I’ve been thinking about starting a guerrilla gardening cell in my neighborhood for a while now, but realistically, I don’t have the time to organize an official group. I love the concept of changing (overnight) a dilapidated lot or forgotten outdoor space into a beautiful garden.
Wikipedia explains the concept well:
Guerrilla gardening is gardening on land that the gardeners do not have legal right to use, often an abandoned site or area not cared for by anyone. It encompasses a very diverse range of people and motivations, from the enthusiastic gardener who spills over their legal boundaries to the highly political gardener who seeks to provoke change through direct action. The land that is guerrilla gardened is usually abandoned or neglected by its legal owner…
Some guerrilla gardeners carry out their actions at night, in relative secrecy, to sow and tend a new vegetable patch or flower garden in an effort to make the area of use and/or more attractive. Some garden at more visible hours to be seen by their community.
Years back I stumbled upon guerrillagardening.org and I was inspired. I planted flowers under the trees on the side walk of Woodbine St. between Fresh Pond Rd. and 64th – Matt’s old block. I was living on Long Island at the time so care and maintenance was difficult. Most of the plants didn’t make it but a hand full of the neighbors watered the flowers in front of their homes and those thrived.
More efforts… for the past two years I’ve been seed bombing a huge lot of space behind the RD – Matt and I call it the Ghostyard.
Below are images of JR (Ghostyard Junior) – recently tenants moved out and the owner bordered up the backyard access, I’m trying to fight the weeds with my seeds. It’s been easier than “workin” Ghostyard Senior since the overgrowth is less dense. Queens should look into renting goats…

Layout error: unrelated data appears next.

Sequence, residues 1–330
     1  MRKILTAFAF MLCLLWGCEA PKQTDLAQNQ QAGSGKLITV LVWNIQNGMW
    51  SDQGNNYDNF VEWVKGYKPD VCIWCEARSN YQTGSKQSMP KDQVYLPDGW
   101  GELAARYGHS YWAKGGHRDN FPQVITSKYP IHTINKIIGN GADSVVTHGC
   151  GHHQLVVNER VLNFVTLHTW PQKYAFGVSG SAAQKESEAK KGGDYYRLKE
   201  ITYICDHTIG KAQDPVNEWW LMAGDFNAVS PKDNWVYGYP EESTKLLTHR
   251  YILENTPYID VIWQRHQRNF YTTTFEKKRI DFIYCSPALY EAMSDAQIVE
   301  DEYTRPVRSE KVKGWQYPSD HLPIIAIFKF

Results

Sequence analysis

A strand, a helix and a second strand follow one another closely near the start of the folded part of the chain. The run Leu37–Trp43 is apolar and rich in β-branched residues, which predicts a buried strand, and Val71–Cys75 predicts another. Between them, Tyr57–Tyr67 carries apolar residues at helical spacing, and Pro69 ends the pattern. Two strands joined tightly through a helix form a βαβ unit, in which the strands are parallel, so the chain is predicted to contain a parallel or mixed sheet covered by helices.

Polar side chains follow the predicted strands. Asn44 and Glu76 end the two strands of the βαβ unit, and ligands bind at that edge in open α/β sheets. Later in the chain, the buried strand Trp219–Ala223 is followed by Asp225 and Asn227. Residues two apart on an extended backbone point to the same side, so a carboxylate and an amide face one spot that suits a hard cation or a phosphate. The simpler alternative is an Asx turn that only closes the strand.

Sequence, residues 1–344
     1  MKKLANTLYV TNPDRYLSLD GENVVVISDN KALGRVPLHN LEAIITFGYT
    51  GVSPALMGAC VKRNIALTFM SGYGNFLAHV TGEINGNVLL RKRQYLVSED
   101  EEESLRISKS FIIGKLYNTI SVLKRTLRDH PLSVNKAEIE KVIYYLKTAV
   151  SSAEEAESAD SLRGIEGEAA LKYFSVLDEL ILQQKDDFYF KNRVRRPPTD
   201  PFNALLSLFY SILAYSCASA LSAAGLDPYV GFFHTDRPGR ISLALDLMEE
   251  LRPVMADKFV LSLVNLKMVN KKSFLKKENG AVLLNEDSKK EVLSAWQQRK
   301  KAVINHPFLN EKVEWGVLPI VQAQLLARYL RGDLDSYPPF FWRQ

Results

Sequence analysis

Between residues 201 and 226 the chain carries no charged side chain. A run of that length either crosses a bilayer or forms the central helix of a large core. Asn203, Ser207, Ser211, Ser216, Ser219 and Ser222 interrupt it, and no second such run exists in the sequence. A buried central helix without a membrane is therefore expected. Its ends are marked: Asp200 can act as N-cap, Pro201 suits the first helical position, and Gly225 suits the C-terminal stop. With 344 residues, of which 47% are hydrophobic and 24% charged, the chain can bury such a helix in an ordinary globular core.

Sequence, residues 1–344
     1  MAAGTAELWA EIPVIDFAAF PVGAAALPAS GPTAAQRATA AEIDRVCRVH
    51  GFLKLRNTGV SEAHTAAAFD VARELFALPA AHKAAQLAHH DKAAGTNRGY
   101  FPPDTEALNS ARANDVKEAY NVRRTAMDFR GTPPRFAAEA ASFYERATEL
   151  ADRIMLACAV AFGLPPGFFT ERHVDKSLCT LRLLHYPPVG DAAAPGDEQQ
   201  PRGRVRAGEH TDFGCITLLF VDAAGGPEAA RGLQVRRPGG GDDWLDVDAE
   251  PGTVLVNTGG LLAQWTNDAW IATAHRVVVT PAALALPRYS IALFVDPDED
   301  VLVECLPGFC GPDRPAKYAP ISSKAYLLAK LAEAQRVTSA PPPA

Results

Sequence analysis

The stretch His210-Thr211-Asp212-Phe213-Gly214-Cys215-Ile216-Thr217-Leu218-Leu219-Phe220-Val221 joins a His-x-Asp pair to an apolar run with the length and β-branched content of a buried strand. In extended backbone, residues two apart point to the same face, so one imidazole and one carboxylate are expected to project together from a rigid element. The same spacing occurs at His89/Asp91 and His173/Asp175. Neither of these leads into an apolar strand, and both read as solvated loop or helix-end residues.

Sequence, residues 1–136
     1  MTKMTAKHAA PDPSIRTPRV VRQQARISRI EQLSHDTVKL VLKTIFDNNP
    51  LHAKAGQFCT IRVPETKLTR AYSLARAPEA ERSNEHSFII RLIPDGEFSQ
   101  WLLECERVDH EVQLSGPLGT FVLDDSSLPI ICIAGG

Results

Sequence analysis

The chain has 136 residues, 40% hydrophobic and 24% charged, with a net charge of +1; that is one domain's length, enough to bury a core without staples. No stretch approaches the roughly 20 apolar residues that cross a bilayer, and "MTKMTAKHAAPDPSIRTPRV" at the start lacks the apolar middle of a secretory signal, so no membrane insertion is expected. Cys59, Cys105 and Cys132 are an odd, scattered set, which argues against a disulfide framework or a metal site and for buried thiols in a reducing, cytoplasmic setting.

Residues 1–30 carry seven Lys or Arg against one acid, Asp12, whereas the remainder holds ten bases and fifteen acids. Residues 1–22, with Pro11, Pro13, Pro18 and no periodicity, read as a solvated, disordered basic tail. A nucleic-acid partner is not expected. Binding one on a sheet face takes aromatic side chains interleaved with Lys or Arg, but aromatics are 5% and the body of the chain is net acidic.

I’m ready for another go, this time with much more gardening experience under my belt. I choose a small project that would be manageable.
This tree bed on my block is close enough for me to keep an eye on and the soil looks pretty decent.
I decided to go with what I know will work best: drought-tolerant plants and flowers. I transplanted mint from my garden and spider plants, both of which grow under a multitude of conditions. For color, I picked up some hearty begonias! To finish it off, I sowed seeds into the soil in the hopes that they will sprout in a few weeks.
The clean up
Ready to go!
The mint is the first to be planted! This will spread well and come back next year (so will the spiders).
Once I was done planting, I watered with miracle grow for an extra boost!
I needed a focal point so I took this orange flower from the RD. It grew from seed – unfortunately I don’t recall the name of it. I do know, it’s very hardy.
In addition to the above mini dig, I’ve decided to seed bomb random locations on my way to Lucille Roberts in the morning. I’ve been picking up wild flower seeds at the dollar stores, most have them. The new dollar store on St. Nicholas and Woodbine has a good selection.
You don’t need a garden apartment or RD to get your hands dirty. If you enjoy gardening, think about trying a dig yourself. For tips and information visit guerrillagardening.org. The site has info on starting your own dig, joining existing cells, seed bombing techniques and photos of guerrilla gardeners from around the world.
This video is totally inspiring, my friend Danielle sent it to me.